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The First World War Adventures of Nariman Karkaria — A Memoir review: A globe-trotting war veteran - The Hindu

A 15-year-old boy from Gujarat sets off to seek his fortune in China, winds up serving in the British Army during World War I, sees action in three fronts and finally returns home. No, this is not one of those boys’ adventure stories but the true tale of Nariman Karkaria.

There’s something quite riveting about  The First World War Adventures of Nariman Karkaria: A Memoir, translated by Murali Ranganathan. I couldn’t help wondering if the original was as lively and humorous as the English translation, though Ranganathan does say in the Introduction that “Karkaria’s story is best read in his own words...” The title references World War I, but it comes pretty late in the book. The first section is devoted to Karkaria’s early “turbulent” life; he portrays himself as a truant and undisciplined boy.

Travel itch

His travel itch began at the age of 12 when he was taken to Bombay and saw various vessels in the harbour. His training as an  andhiyaru (Zoroastrian priest) “did not sit well with my stormy nature”. So, at the age of 15, Karkaria fled home, went to Bombay and boarded a ship to Hong Kong. A notice published in the Parsi newspaper  Jam-e-Jamshed gives a succinct account of his travails. It ends with a warning to “those who intent to come to Hong Kong without any assured employment or proper references that the business prospects and reputation of China are no longer what they used to be and exist only in name.”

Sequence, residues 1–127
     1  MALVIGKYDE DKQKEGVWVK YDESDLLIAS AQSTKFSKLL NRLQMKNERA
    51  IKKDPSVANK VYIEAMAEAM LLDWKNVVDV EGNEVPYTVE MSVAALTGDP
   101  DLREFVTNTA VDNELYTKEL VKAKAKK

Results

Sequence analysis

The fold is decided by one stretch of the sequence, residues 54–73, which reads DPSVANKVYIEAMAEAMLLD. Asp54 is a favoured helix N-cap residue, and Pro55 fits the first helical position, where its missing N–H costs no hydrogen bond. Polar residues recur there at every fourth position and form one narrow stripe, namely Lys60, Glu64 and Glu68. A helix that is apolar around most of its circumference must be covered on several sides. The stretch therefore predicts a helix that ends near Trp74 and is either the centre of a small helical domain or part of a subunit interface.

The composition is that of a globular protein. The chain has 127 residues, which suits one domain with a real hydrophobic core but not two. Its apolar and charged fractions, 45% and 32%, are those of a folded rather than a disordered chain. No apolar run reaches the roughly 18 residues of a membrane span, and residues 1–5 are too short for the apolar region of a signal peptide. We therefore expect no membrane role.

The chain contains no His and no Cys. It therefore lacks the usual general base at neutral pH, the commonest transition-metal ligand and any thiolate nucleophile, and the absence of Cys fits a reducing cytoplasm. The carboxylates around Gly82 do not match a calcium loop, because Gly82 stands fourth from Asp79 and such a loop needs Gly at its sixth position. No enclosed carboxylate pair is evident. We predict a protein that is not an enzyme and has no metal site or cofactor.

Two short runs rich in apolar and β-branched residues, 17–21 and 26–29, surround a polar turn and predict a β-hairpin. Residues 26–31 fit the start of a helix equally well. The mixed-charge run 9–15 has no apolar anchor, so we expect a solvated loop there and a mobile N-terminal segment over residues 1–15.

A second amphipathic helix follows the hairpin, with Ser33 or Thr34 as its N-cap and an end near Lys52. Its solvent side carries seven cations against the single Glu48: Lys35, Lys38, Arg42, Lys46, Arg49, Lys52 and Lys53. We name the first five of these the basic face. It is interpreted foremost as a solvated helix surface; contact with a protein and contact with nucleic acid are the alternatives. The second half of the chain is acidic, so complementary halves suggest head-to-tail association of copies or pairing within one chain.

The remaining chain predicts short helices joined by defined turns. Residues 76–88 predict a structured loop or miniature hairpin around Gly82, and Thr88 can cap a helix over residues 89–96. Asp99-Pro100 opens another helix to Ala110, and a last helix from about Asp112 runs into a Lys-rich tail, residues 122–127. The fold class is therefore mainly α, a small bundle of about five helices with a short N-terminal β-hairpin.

But Karkaria would not let his troubles keep him down. Descriptions of a trip to China, a short visit home, then to China and onto London via Siberia, Russia and Scandinavia are peppered with anecdotes of meeting people and sightseeing. In London, Karkaria manages to get into the British 24th Middlesex Regiment.

Before plunging into his adventures, he gives the reader a quick idea of how the forces were organised. Karkaria sees action in the Western Front, is injured in the Battle of Somme, is moved to Egypt after his recovery and is in Azerbaijan when he is discharged from the army.

Reports of life during the war — life in the trenches, using gas masks, securing enemy trenches, scouting for the enemy’s position, the food they ate — alternate with stories of places he visited, interactions with local people and the like. No matter where Karkaria is, he makes meticulous notes of prices everywhere and compares them with amounts back in India. This offers a counter to doubts about whether the author was drawing a long bow.

Fighter, tourist

It is also interesting to note how he moves with ease between fighting battles and being a tourist. The chapter titled ‘The Conquest of Jerusalem’ recounts in minute detail how the Turkish soldiers fought, how the soldiers went down with malaria and more. The next, ‘A Tourist in Jerusalem,’ gives the reader a vivid image of the historical city, almost as if the preceding chapter had been wiped out of his mind. The one thing that stands out, which Ranganathan also mentions in the Introduction, is that we never get to know anything about his colleagues. Fellow soldiers remain a huge anonymous mass.

Ranganathan talks about another book by Karkaria based on his travels in Iran and a war memoir written in Marathi. Here’s hoping there are more translations that offer a window into another world.

The First World War Adventures of Nariman Karkaria: A Memoir; Translated by Murali Ranganathan, HarperCollins, ₹599.

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